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As retail sales plummet during the pandemic, local governments across America are facing massive budget holes.
Orange County is no exception.
The county government – which handles social services like food assistance applications, as well as law enforcement like the Sheriff’s Department – is projecting a $458 million drop in revenue between now and the middle of next year.
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“It is significant,” said Michelle Aguirre, the county’s chief financial officer, when she publicly announced the amount at the county supervisors’ meeting Tuesday.
“Devastating” was how county CEO Frank Kim put it at a recent news conference.
“We’re going to struggle to meet the basic funding needs for our district attorney and the sheriff,” Kim said when asked by Voice of OC about the county’s financial picture.
There’s a $140 million projected hit to the public safety sales tax that helps fund the Sheriff’s Department and DA’s Office, he added, calling it a “devastating loss” of funding.
The revenue drops are also expected to hit the county’s social safety net. Officials are projecting a steep drop in sales tax revenues that fund the eligibility workers who process applications for food assistance and public health insurance for people who have lost jobs.
“So at a time when we’re seeing a rise in the demand for these core safety net services, the funding that is going to support the actual enrollment into these services is declining. So that is a challenge,” said Kim.
This comes as the county has less budget flexibility, given that the general fund budget is absorbing large salary increases granted by county supervisors to sheriff’s deputies just ahead of the November 2016 elections and again last year. The deputies’ union is the largest spender on county supervisor elections.
The raises have prompted another pattern – where the county has pulled millions from public health and other funds to pay for overages at the Sheriff’s Department.
In their public update Tuesday, county officials said they’re still figuring out how to cover the $458 million they project in lost revenue amid the pandemic. They’re looking at dipping into reserves unless the federal government provides money to backfill it.
The existing $554 million in federal stimulus money to the county – under the CARES Act – can’t be used to backfill lost revenues because it can only be used for new, direct expenses for pandemic response, county officials said Tuesday.
Congress is currently debating a $1 trillion aid package for state and local governments across the nation that could be used to backfill lost revenue. The U.S. House of Representatives approved the package last week as part of the HEROES Act, though it was not expected to be approved in the Senate.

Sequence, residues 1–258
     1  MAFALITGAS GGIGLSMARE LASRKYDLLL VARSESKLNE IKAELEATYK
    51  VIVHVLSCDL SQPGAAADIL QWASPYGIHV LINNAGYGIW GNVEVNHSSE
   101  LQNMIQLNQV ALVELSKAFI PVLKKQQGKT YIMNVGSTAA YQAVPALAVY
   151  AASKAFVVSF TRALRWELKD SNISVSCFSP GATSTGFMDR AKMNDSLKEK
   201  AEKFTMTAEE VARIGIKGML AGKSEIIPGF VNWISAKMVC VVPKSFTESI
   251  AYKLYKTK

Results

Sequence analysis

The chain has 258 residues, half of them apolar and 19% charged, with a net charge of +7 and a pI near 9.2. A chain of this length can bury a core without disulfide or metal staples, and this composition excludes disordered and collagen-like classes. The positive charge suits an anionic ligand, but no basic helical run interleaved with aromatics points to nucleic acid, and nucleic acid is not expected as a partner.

Of that amount, $357 billion in the HEROES Act would be for local governments. Orange County is about 1 percent of the national population, which would make OC’s proportional share about $3.5 billion for local cities and the county government.
County officials cautioned Tuesday about the possibility of further budget impacts in the future, particularly if a second wave of coronavirus hits.
“There are still some risks and some unknowns,” Aguirre told the supervisors Tuesday.
“We don’t know if we’re going to have an additional wave of COVID-19. So as I mentioned earlier, that’s why we need to ensure that we have sufficient funding available for the county to provide that emergency response.”
County supervisors received a written update Tuesday on the HEROES Act, and did not take a position on whether to support or oppose it.
The pandemic also is affecting when the county will approve its annual budget.
Usually, the budget has to be adopted by June 30, in time for the new fiscal year starting July 1.
That budget approval is now pushed back three months to September, which will buy more time to figure out what revenues will – and won’t – be available for the new fiscal year.
The annual budget hearing is now scheduled for Sept. 1, with supervisors finalizing the budget on Sept. 15.
In the meantime, supervisors are scheduled to vote June 2 on essentially continuing the existing spending levels for the time being, so the county can keep paying its bills.
This isn’t the first time the county has had to deal with a major funding hit.
In late 1994, Orange County declared the largest local government bankruptcy in U.S. history up until that point, after its high-risk Wall Street investments went south and lost $1.7 billion.
Supervisors at the time made the steepest cuts to programs for people in poverty, including homeless outreach, job training for people with serious mental illness. They also cut in half the number of “contracts with community therapists that counsel and monitor thousands of families at risk of child abuse,” according to a news report at the time.
“It’s been the disadvantaged, the poor, the incarcerated who have felt what this bankruptcy is about,” then-Supervisor Marian Bergeson said at the time. “They have been the losers, and will continue to be.”
Nick Gerda covers county government for Voice of OC. You can contact him at firstname.lastname@example.org.